Mattress shopping is just one of those dreaded jobs, like buying a vehicle, that may leave the consumer feeling dejected, defeated and deceived. The language is confounding, and comparisons may be bewildering. To top it off, the client sometimes has to haggle to seal the deal.
“It is hard for the user,” acknowledges Eric Thompson, the proprietor of Bedroom & More, a San Francisco mattress dealership. And yet it’s a task that needs to be performed frequently — as often as every six decades.
Listed below are a few tips to help you navigate the maze of mattress shopping. Hopefully, you’ll come out to the other side relaxed, relieved and sleeping like a baby.
How often should you replace your mattress? When your old mattress leaves you feeling exhausted or tired, it’s time to replace it. The Better Sleep Council recommends trading on your mattress every five to seven decades. While it’s not surprising to see this proposal coming out of a trade group, others support this theory, both for relaxation and for health reasons. (Mattresses collect dead skin cells and sweat as time passes, which may attract dust mites and pose health risks.)
If you get an excellent mattress with a coil count over 900 and keep it clean, Thompson says you can stretch that life expectancy to 10 or 15 decades. To prolong the life of any mattress, he advocates buying a waterproof, breathable mattress cover, that will help protect the surface from moisture and skin tissues. (They begin at less than $25.)
Size matters. If you sleep solo, any size will do. Unless you are tall, in which case you’ll want to go with a queen or king. If you sleep with somebody else, you’ll also feel much more comfortable with a queen or king.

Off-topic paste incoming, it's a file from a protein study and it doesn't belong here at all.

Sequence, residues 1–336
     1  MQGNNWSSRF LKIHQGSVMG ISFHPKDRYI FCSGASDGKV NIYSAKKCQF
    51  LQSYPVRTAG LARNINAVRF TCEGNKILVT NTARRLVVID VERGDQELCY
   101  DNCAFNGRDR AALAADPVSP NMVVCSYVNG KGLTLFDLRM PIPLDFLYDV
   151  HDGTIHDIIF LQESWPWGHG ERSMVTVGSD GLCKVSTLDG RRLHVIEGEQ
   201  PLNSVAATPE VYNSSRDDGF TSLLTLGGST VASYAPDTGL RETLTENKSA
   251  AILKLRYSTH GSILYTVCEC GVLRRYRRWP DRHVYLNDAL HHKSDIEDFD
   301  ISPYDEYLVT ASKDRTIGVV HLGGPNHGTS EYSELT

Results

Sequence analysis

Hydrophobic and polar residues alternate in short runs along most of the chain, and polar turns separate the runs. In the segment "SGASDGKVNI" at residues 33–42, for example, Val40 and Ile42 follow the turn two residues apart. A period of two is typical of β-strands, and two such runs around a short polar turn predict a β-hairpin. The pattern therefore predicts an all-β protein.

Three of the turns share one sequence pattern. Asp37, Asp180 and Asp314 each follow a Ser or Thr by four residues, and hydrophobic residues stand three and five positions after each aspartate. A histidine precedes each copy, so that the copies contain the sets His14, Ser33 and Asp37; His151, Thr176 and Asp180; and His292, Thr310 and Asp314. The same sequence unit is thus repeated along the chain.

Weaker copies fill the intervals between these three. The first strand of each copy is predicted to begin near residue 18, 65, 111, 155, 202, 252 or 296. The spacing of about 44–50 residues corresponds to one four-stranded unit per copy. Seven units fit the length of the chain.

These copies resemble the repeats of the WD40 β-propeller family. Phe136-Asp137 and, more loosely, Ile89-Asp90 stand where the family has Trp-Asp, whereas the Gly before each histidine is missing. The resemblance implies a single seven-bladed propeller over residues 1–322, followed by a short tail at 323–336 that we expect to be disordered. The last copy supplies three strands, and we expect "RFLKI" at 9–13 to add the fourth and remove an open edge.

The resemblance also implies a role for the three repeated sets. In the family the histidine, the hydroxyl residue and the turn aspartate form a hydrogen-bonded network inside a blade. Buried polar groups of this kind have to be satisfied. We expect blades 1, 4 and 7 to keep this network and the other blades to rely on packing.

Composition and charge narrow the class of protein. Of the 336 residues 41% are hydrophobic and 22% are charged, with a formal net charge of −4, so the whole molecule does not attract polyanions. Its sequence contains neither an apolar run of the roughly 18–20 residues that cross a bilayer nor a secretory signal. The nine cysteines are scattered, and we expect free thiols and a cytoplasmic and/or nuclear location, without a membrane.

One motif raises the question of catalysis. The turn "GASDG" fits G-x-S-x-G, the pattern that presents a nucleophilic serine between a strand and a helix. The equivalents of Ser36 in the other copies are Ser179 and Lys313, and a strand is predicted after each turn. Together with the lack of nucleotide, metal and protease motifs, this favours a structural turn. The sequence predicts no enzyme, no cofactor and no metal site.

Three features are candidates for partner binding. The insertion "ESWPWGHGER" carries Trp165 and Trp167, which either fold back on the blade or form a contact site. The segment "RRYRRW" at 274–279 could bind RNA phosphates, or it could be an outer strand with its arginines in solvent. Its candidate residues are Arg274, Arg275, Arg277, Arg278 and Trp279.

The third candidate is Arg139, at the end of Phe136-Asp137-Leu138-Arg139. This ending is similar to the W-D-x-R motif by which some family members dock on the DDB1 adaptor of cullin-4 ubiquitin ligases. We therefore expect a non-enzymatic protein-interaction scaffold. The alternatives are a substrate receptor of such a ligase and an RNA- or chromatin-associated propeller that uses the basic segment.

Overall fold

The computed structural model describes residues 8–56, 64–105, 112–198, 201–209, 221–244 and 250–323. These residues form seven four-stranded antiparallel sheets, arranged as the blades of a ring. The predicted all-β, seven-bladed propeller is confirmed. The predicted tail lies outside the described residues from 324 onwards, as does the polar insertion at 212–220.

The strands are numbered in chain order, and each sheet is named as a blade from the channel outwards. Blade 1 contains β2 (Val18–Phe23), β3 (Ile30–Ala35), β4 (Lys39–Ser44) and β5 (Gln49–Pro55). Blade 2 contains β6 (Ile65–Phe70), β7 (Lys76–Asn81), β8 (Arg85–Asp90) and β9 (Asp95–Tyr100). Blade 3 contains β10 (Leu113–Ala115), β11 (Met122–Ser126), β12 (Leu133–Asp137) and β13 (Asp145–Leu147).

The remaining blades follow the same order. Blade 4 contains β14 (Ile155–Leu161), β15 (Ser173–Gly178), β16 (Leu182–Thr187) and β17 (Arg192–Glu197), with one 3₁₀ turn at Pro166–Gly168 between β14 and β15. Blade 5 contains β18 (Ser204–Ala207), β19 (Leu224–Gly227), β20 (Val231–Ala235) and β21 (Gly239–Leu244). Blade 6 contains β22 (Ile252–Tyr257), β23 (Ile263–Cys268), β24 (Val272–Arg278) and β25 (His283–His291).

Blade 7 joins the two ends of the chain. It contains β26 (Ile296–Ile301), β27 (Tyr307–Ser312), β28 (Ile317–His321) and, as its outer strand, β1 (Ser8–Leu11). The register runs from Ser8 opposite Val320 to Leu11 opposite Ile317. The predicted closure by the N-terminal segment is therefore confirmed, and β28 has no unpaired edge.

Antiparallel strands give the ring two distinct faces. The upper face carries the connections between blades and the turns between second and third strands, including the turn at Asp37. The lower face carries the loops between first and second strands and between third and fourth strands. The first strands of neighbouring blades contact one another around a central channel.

Average mattress sizes:
Dual: 38 by 75 inchesFull or double: 53 by 75 inchesQueen: 60 by 80 inchesKing: 76 by 80 inchesCalifornia king: 72 by 84 inchesFirmness. Pros no longer subscribe to this theory that a firm mattress is best for you, so go with what feels comfortable.
If you are over age 40, then that might be a softer mattress than you have used before, because skin becomes more sensitive to stress as we get older. Firmness designations vary from manufacturer to manufacturer, so gauge a mattress by how it feels, not by what it’s called.
Foothills Amish Furniture
Mattress types. The fantastic ol’ innerspring mattress is no longer the only game in town. Now you have a bewildering collection of mattress alternatives to choose from, such as memory foam, latex, gel, inflatables and all natural — just to mention a few.
Innerspring has become the most popular option and the cheapest; it features tempered steel coils wrapped in layers of cushioning. Memory Foam (conforms to the shape of the body, so when you move, the remaining portion of the bed does not shake (great for all those bothered by a restless spouse). Gel mattresses combine memory foam with a cooling, so the body does not get so hot during sleep. Latex mattresses blend characteristics of the innerspring and memory foam to deliver excellent comfort at a top price. Indoor atmosphere mattresses possess an abysmal core which you may adapt to the desired firmness. All-natural beds commerce engineered materials for organic alternatives like cotton, wool and rubber.More about shopping for a Pure mattress